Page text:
A well dressed African American man poses for his portrait at the J. A. Pfeifer & Company gallery. He is wearing a dress jacket, a pin striped vest, winged collar and bow tie. This handsome young man is unidentified. The reverse of the cabinet card lists Pfeifer’s name but also the names Smith and Mulligan Brothers. Presumably these three names belong to photographers who were employed the the Pfeifer studio. The address of the gallery is also printed on the reverse of the card. The business was located at 262, 264, and 266 South High Street in Columbus, Ohio. According to the book “Artists in Ohio” (2000), the photographer of this image, John A. Pfeifer (1859-1932), was active in the Columbus area from 1882 to at least 1913. During much of that time, he was partners with George C. Urlin of the “Mammoth Art Palace” on High Street. To view images by Urlin, click on the category “Photographer: Urlin”. The Oberlin Review (1888) noted that the Urlin & Pfeifer studio won the contract to be the class of 1888’s photographer. A competitor in the bidding was the Cleveland firm of Urlin & Becker. Urlin’s participation in the bidding under two different studios, caused the students to raise some ethical questions about the bidding process. Pfeifer proved to the students that he had the legal right to use Urlin’s name and the class “was convinced of his honesty and integrity” and retained him as class photographer. In 1891 Pfeifer and George D. Saas (1854-1924) founded Pfeifer & Saas Printers. In 1905 Pfeifer became the sole owner of the firm and renamed it the Pfeifer Show Print Company.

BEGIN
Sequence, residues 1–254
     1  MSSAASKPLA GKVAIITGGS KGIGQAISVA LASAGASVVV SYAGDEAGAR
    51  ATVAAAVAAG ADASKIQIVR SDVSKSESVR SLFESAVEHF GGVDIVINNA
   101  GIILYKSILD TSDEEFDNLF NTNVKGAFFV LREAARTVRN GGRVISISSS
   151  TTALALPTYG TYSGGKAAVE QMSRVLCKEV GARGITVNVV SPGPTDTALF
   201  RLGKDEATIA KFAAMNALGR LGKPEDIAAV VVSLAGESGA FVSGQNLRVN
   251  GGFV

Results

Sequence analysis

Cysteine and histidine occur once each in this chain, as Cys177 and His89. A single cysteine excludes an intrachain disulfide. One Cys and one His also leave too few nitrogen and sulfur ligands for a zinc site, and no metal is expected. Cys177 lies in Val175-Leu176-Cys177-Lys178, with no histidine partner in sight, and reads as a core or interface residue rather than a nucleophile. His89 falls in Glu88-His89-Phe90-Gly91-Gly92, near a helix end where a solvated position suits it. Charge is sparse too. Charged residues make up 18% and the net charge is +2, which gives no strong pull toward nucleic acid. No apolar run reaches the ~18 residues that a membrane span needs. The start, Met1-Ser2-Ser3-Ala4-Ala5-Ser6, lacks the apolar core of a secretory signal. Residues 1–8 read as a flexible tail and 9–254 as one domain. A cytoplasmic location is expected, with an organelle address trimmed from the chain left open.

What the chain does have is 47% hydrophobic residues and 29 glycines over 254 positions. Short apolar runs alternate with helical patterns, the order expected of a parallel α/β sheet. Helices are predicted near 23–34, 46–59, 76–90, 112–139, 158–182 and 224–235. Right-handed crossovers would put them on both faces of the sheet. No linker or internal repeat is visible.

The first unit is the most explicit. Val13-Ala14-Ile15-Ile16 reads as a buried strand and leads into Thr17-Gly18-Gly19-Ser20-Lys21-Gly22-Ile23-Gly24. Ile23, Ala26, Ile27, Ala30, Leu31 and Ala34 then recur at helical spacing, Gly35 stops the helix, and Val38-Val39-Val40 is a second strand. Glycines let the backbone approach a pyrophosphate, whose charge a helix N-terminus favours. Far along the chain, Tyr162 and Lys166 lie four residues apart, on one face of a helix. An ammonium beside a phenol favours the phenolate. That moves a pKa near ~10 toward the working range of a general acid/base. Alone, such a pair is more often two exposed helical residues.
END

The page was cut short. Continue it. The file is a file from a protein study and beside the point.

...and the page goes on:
This cabinet card portrait features a profile view of a very pretty woman. She is wearing a broach on her collar and her hairstyle includes a bun. The photographer is George C. Urlin (1854-1942) of Urlin’s Mammoth Art Gallery. The studio was located at 216 & 218 South High Street, in Columbus, Ohio. The studio was founded in 1873. This cabinet card photograph was taken in 1884 or shortly thereafter. The photographer, George Urlin was born in Canada and was active in Columbus from 1873 through 1887. He later partnered with William Beckley in Columbus, J. Becker in Cleveland, and John Pheiffer in Columbus. Urlin won 10 silver medals and 16 “Best” awards from Ohio State Fairs. Other photographs by George Urlin can be seen by clicking on the category “Photographer: Urlin”.
This cabinet card captures a fabulous image of a father and daughter. The photographer is Urlin, of the Monmouth Art Gallery, in Columbus, Ohio. Both father and daughter look co0l and relaxed as they pose for the camera. They are nicely dressed and are wearing broad brimmed hats. The young girl is wearing a ring and a brooch and the father has a pocket watch. The cabinet card itself is of deluxe design. The card is deeply embossed and padded to give it a 3D appearance. The name of the photographer has a gold gild background. The reverse of the cabinet card has an inscription stating, “Will and Alice Crew, McConnelsville, Ohio”. Perhaps father and daughter were visiting Columbus from their home in McConnelsville; when they decided to sit for their portrait. The photographer is George C. Urlin. He was born in Canada and was an active photographer from 1875 or earlier until 1887. During 1888 and 1889 he worked in Cleveland, Ohio. He resumed his photography career in Columbus in 1889. During his tenure as a photographer, he received numerous medals from various Ohio State Fairs. To see other photographs by Urlin, click on Cabinet Card Gallery’s category “Photographer: Urlin”.